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Your guide to the 2021 Tour de France

Le Tour, La Grande Boucle, the month-long advertisement for France, or the Tour de France. Whatever you want to call it, the worlds biggest annual sporting event returns this Saturday.

Now in it’s 108th year, this race attracts both dedicated and casual cycling viewers alike.

This year, the race will be held entirely in France, pushing the planned grand depart in Denmark back to 2022. The route will cover nearly 3,500km including mountain stages, flat stages, 58km of time trials and many, many meters of climbing.

The tour is a race of attrition that spins wonderful narratives along it’s three-week journey through the picturesque French countryside. 

The battle for the yellow jersey, worn by the general classification (GC) leader of the tour (the lowest cumulative time) is the main story of the Tour de France. At the end of stage 20, the wearer of the yellow of jersey is declared the winner of the Tour. Stage 21 is a procession stage.

All eyes will be on last years winner, Slovenian wonderkid Tadej Pogocar (UAE Team Emirates), to see if he can hold off the team powerhouses of Jumbo-Visma and Team Ineos.

The daily battles for the breakaway wins, the polka dot jersey (mountain classification), green jersey (sprinters jersey) and white jersey (best young rider), also make for compelling viewing throughout the three weeks.

Tour de France riders on the Champs-Élysées in Paris.

Likely leaders

Tadej Pogačar

Last years winner goes into the tour with confidence. He doesn’t have the strongest team, but last year's emphatic stage 20 win will go down in history as one of the best time trials, almost surpassing the famous win by Greg Lemond in 1989

Primož Roglič

After last year's heartbreak on stage 20 to Pogačar, Primoz comes into the tour with slightly different attitude than last year. His Jumbo Visma team is stacked with talent, and is predicted by many pundits the man to beat.

Geraint Thomas

The popular Ineos rider who won the tour in 2018 is back this year with an incredibly strong Ineos team. They’ve indicated that they don’t have a defined leader, but Thomas has the palmares and will be the one most likely to go the distance.

Julian Alaphilippe

The great French hope, the goateed rider who moves with panache and character is a likely wearer of the yellow jersey at some point in July, but it would take something incredible for him to be wearing it Paris.

Richie Porte

Thomas’s Australian teammate, who finished third last year. If he can make it past stage 9, Richie is always one to watch

Other riders to watch

Caleb Ewan

The Australian pocket rocket. Favourite for the green jersey and a number of spring wins. Watch for his incredible sprinting style as he barrels towards the line at 70kph.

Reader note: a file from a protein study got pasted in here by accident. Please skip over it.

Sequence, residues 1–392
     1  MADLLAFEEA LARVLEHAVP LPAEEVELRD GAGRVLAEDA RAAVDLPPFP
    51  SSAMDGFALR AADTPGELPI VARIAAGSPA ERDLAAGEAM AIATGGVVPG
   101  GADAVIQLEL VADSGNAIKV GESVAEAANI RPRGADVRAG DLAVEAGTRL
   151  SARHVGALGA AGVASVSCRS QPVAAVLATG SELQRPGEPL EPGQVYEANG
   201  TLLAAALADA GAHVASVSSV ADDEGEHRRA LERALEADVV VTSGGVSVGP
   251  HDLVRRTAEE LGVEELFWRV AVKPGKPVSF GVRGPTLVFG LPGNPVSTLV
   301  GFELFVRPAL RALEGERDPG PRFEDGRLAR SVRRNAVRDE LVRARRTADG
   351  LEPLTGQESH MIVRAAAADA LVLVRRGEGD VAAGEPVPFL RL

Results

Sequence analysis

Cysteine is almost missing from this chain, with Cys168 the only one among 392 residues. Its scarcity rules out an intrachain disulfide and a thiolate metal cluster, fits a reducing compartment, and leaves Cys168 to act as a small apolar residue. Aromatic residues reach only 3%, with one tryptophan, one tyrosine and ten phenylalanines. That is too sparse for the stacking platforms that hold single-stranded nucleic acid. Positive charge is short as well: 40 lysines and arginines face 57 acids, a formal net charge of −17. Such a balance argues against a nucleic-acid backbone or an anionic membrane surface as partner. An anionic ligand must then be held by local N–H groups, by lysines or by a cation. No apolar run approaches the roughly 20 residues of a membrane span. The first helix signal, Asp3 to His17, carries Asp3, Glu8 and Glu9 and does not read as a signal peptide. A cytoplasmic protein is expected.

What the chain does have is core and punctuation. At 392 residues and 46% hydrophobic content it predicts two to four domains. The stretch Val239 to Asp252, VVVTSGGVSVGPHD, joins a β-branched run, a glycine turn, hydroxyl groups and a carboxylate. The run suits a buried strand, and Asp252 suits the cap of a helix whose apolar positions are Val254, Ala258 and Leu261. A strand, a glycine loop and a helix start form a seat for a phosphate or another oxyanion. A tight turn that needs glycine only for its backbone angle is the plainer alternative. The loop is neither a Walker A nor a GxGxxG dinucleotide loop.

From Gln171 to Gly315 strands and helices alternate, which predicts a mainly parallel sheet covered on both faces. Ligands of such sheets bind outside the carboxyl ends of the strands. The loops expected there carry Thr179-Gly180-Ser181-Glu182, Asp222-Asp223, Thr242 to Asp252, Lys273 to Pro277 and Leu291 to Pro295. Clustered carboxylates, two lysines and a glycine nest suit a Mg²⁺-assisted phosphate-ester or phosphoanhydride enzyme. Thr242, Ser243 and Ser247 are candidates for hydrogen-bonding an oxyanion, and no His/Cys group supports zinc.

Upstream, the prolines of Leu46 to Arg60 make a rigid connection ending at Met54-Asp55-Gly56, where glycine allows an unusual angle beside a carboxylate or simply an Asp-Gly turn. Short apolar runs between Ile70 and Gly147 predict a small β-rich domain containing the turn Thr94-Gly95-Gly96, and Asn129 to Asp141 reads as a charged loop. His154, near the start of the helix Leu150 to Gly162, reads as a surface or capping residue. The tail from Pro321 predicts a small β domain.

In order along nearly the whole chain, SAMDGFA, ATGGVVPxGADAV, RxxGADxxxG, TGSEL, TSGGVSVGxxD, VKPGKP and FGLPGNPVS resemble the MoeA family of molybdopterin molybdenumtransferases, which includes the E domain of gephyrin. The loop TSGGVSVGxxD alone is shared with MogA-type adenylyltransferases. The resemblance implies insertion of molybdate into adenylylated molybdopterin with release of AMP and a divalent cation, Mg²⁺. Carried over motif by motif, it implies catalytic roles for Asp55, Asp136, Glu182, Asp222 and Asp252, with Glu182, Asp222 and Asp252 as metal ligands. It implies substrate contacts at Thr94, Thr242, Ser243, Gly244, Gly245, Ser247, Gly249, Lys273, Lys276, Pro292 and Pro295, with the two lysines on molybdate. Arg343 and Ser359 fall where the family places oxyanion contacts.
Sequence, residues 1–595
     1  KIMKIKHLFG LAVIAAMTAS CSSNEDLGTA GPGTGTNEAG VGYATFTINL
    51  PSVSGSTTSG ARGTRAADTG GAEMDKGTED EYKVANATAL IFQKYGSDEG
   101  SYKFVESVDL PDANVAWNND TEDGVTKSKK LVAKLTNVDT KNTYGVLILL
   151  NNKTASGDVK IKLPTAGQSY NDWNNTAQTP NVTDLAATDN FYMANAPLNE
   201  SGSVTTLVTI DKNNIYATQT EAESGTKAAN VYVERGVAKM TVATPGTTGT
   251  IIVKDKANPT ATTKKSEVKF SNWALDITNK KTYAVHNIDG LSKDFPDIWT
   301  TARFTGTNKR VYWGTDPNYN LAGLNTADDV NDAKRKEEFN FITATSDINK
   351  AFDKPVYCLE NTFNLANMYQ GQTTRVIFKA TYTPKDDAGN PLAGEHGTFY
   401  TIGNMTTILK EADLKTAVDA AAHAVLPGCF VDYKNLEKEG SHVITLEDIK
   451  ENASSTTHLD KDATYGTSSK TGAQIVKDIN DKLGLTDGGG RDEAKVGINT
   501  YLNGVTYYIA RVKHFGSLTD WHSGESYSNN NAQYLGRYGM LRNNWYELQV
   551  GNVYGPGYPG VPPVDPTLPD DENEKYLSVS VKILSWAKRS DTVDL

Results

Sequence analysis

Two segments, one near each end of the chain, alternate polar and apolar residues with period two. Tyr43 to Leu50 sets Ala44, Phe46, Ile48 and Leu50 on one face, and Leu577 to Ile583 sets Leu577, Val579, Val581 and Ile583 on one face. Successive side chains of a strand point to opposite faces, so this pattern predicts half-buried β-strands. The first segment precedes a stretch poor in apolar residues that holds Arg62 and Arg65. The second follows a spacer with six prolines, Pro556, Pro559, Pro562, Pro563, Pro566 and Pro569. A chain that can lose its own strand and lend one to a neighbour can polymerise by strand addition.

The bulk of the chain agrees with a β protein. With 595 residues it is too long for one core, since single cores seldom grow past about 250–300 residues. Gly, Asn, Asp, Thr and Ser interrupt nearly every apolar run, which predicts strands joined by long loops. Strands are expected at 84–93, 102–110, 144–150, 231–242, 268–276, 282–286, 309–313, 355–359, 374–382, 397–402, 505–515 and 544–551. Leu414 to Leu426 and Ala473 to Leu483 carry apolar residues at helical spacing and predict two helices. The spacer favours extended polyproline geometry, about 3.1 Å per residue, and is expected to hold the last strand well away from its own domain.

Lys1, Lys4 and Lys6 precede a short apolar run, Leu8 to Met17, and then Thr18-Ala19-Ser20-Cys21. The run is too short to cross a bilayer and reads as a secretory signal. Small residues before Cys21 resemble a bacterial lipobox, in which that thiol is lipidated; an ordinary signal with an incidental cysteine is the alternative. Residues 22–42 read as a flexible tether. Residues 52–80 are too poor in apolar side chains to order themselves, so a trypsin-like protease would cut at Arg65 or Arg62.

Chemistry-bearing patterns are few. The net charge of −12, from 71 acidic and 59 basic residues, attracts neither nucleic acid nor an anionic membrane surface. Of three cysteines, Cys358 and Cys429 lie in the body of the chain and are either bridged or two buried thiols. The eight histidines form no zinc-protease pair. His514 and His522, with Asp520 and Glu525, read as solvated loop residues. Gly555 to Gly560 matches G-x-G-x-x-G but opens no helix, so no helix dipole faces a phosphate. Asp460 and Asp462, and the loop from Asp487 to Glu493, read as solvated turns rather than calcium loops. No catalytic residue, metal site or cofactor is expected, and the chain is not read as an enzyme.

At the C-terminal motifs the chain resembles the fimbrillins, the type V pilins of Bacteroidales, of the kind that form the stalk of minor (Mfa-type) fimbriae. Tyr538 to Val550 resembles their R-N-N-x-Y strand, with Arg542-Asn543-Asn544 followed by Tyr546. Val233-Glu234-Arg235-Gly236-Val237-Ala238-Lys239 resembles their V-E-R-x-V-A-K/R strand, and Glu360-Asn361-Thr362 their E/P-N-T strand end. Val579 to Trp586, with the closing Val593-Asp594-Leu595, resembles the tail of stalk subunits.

Peter Sagan

Another green jersey contender. Sagan is a winner of eight green jerseys in his career, but fans have noticed a regression as of late, but it would be foolish to count out the Slovak.

Matthew van der Poel (MVDP)

The Dutch everyman. A classics specialist and one from the new generation of riders. It’s his first tour, but he is guaranteed to a card at some point. Look out for his Alpecin-Fenix team's loud kit, which they are wearing in honour of Van der Poel’s grandfather, who rode the tour many years ago.

Wout Van Aert

MVDP’s main rival. Wout has a number of tour wins under his belt, and can do it all. Time trial, sprint and climb. Look for him at the front of the peloton doing work for his team leader Primoz Roglic.

Mark Cavendish

The Manx Missile is back! He only needs four wins to tie the all time record by Eddy Merckx. A surprise addition, but a fan favourite. Look for him going shoulder to shoulder with Caleb Ewen.

One of the many gut-busting climbs on the Tour de France.

Riding terms

The jerseys

Yellow – overall leader

Also known as the maillot jaune, the yellow jersey is worn by the rider who is the General Classification (GC) leader, riding the race in the least amount of time.

Green – points leader

The green jersey, or maillot vert, is worn by the rider that has accrued the most points during the race. Points are awarded based on the positions that riders finish each stage as well as their performance during intermediate sprints within stages.

Polka-dot – King of the Mountains

Worn by the rider that has the had the best finishes and earned the most points in the mountain stages of the race. The more difficult the climb, the more points can be won.

Rider roles

Climber: A light rider who specialises in hilly or mountainous racing.

Sprinter: A powerful rider who can perform high-velocity burst finishes.

Time trialist: A strong endurance rider who excels at maintaining a high speed over a long period of time to win stage sprints or time trials.